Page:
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Discussion in 'Coop & Run - Design, Construction, & Maintenance' started by chickenlover237, Nov 10, 2011.
You could lay down a remnant piece of linoleum...works great for easy cleaning.
oh geez..got to make a list !! When I come back from a cookout, I need to install my nest buckets that I spent the morning cutting and anchor them somehow. I forgot in my list of "to do" things...I'm putting in the floor covering before the roosts, etc.
I was able to score the 12x12 stick down vinyl tiles at Lowe's in the clearance shelf fo .05 cents a piece, total cost was $1.28 to do my 4x6 coop.
Exactly what I was thinking. That thing could hold a 3 month supply of feed! And you get the 50# bags up to the top HOW?? And then pour them HOW?? Maybe Luke can cut a hole in the side at a convenient height and fashion a wye (with cap) somehow to make filling easy. Not sure he would want that thing full anyway unless he is going on a 3 month vacation leaving the birds to fend for themselves.
Had the same idea regarding the holes. If they go all the way to the bottom, a nice piece of black gorilla tape could be wrapped around the upper part.
What a neat area. I love it!! Coming from La it gets hot, hot hot in the daytime. Total sun until about 11 am. Then shade the rest of the day. I like the wooden shading on the fence. Hmmmmmmm.
Here is an update on mine
Adorable build! The barn red and white accents are pleasing.
If you really want something durable you may want to start with a locking lid on hinges with a strong lock for the pen area to keep out stray cats, stray dogs that break in (like we had), aerial predators, wandering wildlife (that you never knew you had until you get chickens!) Since you're in PA you probably get snow so a slightly tilted pen roof would probably be helpful for snow cleanups. As for the ground we never put anything on our dirt floor pen but then we're in SoCal with no snow - we rake up the dirt to collect for the compost pile but because we free-range days the girls don't use the coop much. I love your lattice finish but would suggest a hardwire (1/2 inch) interior walls to keep manipulative wildlife paws from reach through the white slats. I know your coop is still in progress but just throwing in some security suggestions before you "finalize" your build. Also provide a portable little perch or tree branch on the ground in the pen to keep the chickie tootsies free of wet or muddy ground - plus they love perching even on low little perches all times of the day.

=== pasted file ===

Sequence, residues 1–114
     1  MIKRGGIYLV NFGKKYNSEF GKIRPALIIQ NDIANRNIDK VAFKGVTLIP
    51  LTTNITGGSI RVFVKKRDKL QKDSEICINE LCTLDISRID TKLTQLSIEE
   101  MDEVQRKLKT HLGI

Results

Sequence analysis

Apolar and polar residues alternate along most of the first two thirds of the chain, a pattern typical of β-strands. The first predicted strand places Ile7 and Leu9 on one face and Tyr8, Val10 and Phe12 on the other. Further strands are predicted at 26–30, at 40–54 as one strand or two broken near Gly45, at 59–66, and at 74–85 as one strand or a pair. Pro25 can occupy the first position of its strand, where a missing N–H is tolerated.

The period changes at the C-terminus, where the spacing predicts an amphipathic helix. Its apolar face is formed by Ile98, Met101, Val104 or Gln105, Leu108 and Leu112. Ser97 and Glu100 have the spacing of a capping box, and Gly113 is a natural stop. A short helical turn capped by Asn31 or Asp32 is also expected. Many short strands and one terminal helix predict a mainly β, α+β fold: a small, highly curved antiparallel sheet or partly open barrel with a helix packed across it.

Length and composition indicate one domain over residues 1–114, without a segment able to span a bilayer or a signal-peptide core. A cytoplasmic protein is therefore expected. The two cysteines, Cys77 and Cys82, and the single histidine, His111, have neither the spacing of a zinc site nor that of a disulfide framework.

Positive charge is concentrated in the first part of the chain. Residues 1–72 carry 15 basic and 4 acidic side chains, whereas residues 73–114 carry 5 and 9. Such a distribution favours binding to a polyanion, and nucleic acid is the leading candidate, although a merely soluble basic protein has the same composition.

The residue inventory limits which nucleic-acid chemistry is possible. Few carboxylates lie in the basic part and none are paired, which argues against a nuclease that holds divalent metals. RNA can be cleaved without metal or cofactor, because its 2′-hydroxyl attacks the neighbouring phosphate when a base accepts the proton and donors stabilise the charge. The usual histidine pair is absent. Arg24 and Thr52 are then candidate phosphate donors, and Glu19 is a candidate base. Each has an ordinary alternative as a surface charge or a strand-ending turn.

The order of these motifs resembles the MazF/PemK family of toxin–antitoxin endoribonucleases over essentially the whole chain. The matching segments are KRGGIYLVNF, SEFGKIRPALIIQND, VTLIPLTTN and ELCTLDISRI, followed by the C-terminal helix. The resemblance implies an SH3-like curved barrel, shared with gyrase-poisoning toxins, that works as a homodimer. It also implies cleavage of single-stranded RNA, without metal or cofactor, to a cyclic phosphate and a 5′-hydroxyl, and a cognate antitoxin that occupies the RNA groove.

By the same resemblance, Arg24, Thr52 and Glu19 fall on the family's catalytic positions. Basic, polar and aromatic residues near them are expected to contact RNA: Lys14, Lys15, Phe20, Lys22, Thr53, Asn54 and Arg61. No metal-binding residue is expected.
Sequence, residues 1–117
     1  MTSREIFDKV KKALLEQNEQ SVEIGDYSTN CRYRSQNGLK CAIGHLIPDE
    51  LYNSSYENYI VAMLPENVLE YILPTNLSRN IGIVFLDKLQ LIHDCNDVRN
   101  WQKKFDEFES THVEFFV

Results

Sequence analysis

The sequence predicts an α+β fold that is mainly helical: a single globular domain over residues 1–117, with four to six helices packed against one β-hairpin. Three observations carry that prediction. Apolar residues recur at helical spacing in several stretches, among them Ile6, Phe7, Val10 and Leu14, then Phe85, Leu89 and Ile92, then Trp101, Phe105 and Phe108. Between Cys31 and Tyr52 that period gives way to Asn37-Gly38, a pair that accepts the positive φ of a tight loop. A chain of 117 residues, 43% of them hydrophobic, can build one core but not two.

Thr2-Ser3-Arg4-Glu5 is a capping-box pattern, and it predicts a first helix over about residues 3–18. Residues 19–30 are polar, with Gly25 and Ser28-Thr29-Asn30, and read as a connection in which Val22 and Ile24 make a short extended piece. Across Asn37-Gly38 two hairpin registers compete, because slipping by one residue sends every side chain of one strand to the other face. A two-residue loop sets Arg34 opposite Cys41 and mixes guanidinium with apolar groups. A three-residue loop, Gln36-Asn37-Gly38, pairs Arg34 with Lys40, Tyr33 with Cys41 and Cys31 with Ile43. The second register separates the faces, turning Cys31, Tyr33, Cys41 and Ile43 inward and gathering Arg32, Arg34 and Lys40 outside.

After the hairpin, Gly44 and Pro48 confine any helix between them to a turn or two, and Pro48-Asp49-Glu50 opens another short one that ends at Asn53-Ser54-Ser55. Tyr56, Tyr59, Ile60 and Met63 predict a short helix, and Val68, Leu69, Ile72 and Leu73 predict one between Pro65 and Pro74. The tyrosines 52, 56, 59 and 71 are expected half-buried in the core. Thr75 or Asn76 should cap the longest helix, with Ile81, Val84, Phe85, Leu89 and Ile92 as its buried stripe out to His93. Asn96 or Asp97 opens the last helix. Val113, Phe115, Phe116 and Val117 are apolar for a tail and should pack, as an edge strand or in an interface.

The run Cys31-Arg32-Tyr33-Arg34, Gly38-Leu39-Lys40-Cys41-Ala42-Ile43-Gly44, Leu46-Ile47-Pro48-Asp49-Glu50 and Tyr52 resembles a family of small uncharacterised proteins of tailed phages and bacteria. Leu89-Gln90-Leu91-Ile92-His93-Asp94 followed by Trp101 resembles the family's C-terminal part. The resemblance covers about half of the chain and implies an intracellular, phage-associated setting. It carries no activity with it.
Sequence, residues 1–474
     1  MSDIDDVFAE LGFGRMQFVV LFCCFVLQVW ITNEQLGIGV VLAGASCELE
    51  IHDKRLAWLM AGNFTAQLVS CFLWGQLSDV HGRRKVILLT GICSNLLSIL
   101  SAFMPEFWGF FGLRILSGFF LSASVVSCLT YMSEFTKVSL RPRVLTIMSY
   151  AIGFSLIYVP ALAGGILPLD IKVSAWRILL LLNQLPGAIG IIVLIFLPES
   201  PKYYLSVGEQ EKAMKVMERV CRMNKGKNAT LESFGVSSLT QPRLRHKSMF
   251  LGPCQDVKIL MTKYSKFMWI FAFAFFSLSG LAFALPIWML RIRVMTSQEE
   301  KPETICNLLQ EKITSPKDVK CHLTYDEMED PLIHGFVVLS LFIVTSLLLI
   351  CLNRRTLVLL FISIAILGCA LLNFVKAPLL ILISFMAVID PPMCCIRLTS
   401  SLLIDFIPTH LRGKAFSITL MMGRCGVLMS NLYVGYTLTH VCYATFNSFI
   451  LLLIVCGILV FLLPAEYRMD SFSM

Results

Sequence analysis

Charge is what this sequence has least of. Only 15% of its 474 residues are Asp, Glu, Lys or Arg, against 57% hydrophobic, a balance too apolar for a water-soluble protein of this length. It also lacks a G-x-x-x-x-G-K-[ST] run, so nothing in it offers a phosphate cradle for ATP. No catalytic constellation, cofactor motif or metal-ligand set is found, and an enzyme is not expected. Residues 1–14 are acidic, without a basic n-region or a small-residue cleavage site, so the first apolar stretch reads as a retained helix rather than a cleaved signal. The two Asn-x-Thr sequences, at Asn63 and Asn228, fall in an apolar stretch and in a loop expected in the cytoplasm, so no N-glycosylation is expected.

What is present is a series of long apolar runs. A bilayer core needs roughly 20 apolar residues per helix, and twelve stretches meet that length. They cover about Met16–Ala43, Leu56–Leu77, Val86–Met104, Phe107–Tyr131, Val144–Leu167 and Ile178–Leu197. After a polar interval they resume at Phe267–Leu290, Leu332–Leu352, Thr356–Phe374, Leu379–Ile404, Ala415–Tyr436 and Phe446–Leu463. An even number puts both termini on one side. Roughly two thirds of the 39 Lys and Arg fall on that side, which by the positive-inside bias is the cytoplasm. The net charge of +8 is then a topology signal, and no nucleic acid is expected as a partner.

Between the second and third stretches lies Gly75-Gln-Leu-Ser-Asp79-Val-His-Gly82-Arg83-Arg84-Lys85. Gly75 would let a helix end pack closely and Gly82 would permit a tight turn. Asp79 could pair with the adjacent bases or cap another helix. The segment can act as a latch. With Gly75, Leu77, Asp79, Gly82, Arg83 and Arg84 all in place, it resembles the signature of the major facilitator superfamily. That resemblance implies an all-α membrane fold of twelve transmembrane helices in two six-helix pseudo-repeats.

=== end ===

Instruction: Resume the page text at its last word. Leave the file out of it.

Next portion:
Not sure what your space requirements are since what you have might be comfortable for only a couple bantams - unless you provide some more space with supervised free-range time for your birds every day. Having a chicken pop-door open 24/7 is not safe as predators will climb in at night into the coop like someone's loose pet snakes, rodents, maybe even oppossums, weasels, or raccoons that you never knew lived in your city. Don't know where your people door is located for coop cleaning but I definitely see an issue with needing more ventilation holes near your roof line. If you drill some ventilation holes cover them over with hardwire to keep out rodents/snakes. A paver stone walkway around the perimeter of your pen will discourage digging critters- it kept dogs from digging under our 4x6 coop 3 years ago - but of course they mangled the chicken poultry wire with their teeth and claws which is why I suggest using only secure 1/2 inch hardwire and not flimsy poultry wire which tears apart from itself.
When you get on this thread there will be a lot of experienced advice thrown your way. We all love our chickens so much we want to do everything possible to pass along security suggestions. You'll probably get more suggestions than this. Post your finalized project again as we love photos!
So far, we should be done in about 3weeks
Without a good view, I'd say it looks quite similar to a Silver Laced Wyandotte.
God dam some of these Coops are not just chicken coops they are mansions. Two story with from doors and well just to far out!
We just got a flat-pack online and put it together.